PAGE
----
‘Common man’ rising

December 15, 2013

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SOON after the scale of the Aam Aadmi Party’s (AAP) success in the Delhi state elections became apparent, Shah Mahmood Qureshi keenly likened the Indian anti-corruption party to his own.

Rare are the moments when a feudal dynast discovers common cause with ‘the common man’. But the comparison between South Asia’s new middle class parties, which vaulted from zero seats to the status of a third force, is worthy of some consideration.

In 2011, just as Imran Khan was gathering vast crowds at national monuments in Lahore and Karachi, similar-sized rallies were taking place, across the border, at the Jantar Mantar landmark in New Delhi. Both gatherings were full of people, mostly new to politics, who wanted to haul down a venal order.

Arvind Kejriwal’s AAP grew out of Anna Hazare’s anti-graft movement. Like Khan’s campaign, it relied on social media and direct action, and was supported by the youth, celebrities and the assertive middle classes.

Even the rhetoric on both sides of the border forms a near-perfect echo. On Sunday, Kejriwal was asked if he would sit in the opposition.

“We’re the only ones who have been offering opposition,” he replied to anchor Barkha Dutt. “BJP aur Congress dono milay hue hain.” Now, where have we heard that line before?

Kejriwal is no Khan, of course. The former civil servant prides himself on his aam aadmi image. Though partial to bouts of rage, he often slips into a soft, self-effacing tone.

During the May elections, Khan leveraged his cricket fame. Angrily brandishing a bat, he vowed to thrash his opponents with it. Kejriwal chose the gentler symbolism of a jhaaru, or broom. One wanted to break the system; the other, humbly, sweep it away.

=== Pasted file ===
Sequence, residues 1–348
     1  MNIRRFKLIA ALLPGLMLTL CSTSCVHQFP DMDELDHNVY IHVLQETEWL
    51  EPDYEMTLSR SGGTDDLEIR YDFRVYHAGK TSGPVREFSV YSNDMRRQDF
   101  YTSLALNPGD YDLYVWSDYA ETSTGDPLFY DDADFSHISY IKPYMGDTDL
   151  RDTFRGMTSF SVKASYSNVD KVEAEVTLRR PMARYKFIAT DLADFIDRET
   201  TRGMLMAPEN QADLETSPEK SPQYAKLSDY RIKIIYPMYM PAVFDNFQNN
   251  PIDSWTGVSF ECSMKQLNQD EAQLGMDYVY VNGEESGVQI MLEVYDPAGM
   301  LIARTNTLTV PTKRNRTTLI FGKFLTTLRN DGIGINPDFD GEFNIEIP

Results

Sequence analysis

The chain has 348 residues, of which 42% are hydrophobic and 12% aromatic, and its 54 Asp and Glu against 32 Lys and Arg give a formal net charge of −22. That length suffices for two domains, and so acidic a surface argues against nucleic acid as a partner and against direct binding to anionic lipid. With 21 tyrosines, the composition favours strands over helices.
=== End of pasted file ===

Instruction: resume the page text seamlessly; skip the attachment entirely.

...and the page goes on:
The changes in India and Pakistan are part of a broader global upheaval among the middle classes. Just this year, crowds in Egypt, Turkey, Brazil and now Ukraine have taken to city squares to revolt against what they see as inept, grasping and distant political elites.

The South Asian examples stand out for embracing democracy. The Taksim Square protesters of Istanbul have no political vehicle to transport their ambitions. And the Cairene, famously of Tahrir Square, toppled two governments only to back a military coup this July.

At the start of this century, as economist Ruchir Sharma has noted, there was near-universal economic growth across the developing world. The chief beneficiaries of that growth have usually been the urban middle classes, as was the case in Pakistan during the Musharraf boom.

In more recent years, growth has faltered as outrage at corruption and poor governance has soared. The now larger middle classes, with twin assets of education and wealth, have developed a new political voice.

Not all of the middle classes support these movements. Many vote for alternatives, like the PML-N or the Bharatiya Janata Party. But the Pakistan Tehreek-i-Insaf (PTI) and AAP represent the first time that parties with national ambitions have put the middle classes’ concerns at the centre of their platform.